Thursday, December 6, 2012

Streakin' in a Winter Wonderland

The running kind of streaking, not the naked time. I've run every day since Thanksgiving and hope to keep it up until New Year's. What began with the Turkey Trot will end with the Resolution Run, and I'm running one other 5k (Running of the Balls) in the middle.

I've never streaked before. In fact, this is the first time I've run 15 days in a row.

Why streak? Not to lose weight. I know, hate me if you will, but I'm happy with my weight and don't want to lose any more because I'm still nursing Alfie. Not to get record mileage either, because I think that would be begging for problems. Upping miles while running consecutively for 35 days? Bad idea.

So why? The honest answer is I'm not exactly sure. I've been thinking a lot about dedication lately. Mindfulness. Perseverance. Accountability. Discipline.  Dedication to what? The gods of running? No, I don't think so. Dedication to myself, my body, my emotional sanity. And that Discipline word.  Not punishment, or severity, but discipline:


 noun \ˈdi-sə-plən\

Definition of DISCIPLINE

obsolete : instruction
: a field of study
: training that corrects, molds, or perfects the mentalfaculties or moral character
a : control gained by enforcing obedience or order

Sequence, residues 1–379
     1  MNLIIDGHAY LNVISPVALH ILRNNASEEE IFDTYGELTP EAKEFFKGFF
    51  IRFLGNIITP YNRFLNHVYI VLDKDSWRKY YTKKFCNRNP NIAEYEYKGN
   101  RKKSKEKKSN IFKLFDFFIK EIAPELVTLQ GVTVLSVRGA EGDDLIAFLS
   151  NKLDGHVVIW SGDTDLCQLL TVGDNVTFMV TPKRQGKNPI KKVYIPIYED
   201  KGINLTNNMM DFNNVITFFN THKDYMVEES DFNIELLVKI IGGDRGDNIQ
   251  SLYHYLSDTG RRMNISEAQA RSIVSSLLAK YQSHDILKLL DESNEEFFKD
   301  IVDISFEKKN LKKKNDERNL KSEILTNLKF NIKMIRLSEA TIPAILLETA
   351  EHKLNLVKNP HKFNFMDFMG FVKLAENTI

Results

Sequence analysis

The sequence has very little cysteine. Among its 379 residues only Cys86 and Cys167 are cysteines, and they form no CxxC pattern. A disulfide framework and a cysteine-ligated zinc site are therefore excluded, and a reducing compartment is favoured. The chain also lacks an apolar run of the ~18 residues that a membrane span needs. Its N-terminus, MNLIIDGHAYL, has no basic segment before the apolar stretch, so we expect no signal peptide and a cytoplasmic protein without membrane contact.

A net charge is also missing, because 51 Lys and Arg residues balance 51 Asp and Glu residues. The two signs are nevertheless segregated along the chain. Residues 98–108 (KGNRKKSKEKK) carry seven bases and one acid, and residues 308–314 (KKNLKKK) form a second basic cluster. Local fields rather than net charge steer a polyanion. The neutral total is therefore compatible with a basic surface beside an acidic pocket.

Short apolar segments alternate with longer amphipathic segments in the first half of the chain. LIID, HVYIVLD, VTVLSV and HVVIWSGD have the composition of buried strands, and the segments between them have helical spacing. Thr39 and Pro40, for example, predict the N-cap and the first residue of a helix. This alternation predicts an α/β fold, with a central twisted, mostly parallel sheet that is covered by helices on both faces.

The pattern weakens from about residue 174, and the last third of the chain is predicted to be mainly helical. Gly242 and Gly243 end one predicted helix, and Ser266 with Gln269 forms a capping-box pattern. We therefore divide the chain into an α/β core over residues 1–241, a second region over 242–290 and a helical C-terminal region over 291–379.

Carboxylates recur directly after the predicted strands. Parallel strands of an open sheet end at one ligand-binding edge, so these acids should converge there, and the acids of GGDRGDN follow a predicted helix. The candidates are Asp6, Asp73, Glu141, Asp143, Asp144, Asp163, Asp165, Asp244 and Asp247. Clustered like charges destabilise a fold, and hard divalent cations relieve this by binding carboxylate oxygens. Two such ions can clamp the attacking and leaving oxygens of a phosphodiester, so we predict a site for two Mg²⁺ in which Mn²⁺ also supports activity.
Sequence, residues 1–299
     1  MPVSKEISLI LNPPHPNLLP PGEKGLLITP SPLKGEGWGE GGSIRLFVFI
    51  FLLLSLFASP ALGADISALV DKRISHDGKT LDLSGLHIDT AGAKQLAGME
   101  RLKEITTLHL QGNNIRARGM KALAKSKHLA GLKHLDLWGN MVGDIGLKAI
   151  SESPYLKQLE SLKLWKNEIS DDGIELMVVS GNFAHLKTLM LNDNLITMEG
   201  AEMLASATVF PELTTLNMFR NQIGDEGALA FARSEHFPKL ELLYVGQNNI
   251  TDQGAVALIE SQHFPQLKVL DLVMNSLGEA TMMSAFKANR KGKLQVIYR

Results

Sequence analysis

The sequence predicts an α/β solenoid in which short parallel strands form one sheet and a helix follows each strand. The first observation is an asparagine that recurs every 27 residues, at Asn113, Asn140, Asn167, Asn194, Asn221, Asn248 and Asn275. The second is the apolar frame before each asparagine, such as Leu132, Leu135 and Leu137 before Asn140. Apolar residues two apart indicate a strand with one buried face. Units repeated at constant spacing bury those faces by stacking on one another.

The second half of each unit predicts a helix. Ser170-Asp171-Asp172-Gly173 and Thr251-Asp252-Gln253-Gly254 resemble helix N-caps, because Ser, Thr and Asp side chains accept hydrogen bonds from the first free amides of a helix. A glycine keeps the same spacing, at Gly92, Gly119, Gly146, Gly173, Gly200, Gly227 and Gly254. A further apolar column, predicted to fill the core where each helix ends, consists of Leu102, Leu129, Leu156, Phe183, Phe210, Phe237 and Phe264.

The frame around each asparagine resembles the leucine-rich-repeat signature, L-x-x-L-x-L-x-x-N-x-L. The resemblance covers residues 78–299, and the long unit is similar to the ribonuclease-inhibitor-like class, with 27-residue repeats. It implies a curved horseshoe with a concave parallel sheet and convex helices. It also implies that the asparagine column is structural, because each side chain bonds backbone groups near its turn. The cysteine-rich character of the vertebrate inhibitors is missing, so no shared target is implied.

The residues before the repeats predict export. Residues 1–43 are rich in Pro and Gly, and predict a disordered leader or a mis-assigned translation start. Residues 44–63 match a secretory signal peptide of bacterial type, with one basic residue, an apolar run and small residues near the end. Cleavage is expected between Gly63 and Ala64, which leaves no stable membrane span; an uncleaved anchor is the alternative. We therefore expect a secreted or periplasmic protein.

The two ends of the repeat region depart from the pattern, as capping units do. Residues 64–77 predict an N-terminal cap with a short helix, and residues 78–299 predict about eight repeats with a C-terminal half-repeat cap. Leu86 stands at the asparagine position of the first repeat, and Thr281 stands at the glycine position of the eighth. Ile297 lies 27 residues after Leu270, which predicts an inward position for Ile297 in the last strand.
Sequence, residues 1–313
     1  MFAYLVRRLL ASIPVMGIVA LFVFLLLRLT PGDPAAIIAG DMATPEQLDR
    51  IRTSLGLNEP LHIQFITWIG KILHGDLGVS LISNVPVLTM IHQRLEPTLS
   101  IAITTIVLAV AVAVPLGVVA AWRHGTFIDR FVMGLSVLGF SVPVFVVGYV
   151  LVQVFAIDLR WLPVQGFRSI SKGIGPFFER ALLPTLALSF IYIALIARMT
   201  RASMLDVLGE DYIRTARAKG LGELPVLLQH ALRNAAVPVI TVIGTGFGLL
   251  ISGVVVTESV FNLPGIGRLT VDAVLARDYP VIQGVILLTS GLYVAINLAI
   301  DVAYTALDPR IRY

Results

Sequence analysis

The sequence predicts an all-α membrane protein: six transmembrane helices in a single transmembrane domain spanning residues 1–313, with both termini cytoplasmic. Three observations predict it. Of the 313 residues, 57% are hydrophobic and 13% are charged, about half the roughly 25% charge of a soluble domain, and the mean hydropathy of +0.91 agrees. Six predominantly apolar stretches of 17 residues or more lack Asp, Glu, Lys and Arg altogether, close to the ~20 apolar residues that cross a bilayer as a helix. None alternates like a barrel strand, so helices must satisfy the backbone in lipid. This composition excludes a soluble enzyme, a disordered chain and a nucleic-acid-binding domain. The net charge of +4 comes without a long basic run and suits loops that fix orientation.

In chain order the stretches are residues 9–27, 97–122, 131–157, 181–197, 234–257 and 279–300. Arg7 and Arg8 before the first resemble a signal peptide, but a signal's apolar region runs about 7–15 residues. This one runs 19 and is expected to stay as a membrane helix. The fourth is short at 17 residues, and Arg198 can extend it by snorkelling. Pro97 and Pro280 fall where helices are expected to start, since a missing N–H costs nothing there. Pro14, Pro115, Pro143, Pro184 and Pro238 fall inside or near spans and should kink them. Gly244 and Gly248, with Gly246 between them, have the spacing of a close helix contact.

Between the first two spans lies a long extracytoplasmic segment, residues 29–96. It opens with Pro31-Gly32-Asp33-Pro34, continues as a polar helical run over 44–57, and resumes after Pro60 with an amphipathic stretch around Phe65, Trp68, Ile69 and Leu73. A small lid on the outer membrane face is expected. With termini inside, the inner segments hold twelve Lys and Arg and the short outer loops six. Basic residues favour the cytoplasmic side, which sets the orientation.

b : orderly or prescribed conduct or pattern of behavior
c : self-control
: a rule or system of rules governing conduct or activity
— dis·ci·plin·al  adjective

Those first few definitions are, well, harsh, but 5B and C cover it nicely: orderly or prescribed conduct or pattern of behavior. That's what I want. If running is prescribed, it will become better integrated into my life. If running is a pattern, it weaves its way inextricably into my days.
Definition #4 also has a nice ring: training that corrects, mold, or perfects. At first I thought the second part didn't fit because running is physical, but isn't it both? And if I seek discipline in running, isn't there a moral aspect as well?

So how or where do running and moral character intersect? Runners can be immoral, even about their running (Paul Ryan's liar-liar-pants-on-fire marathon comes to mind), and plenty of non-runners are moral (I cannot picture Mother Theresa, for instance, in a pair of Mizunos).  It takes character to set goals, commit to them, and strive for them despite setbacks; to wake up earlier than the rest of your house just so you can have a run and be showered before the kids get out of bed; to persist at mile 19 of a marathon when your whole body aches and a taxi drives by; to run through shinsplints, bum knees, black toenails, digestive issues, and a cold. It takes character.

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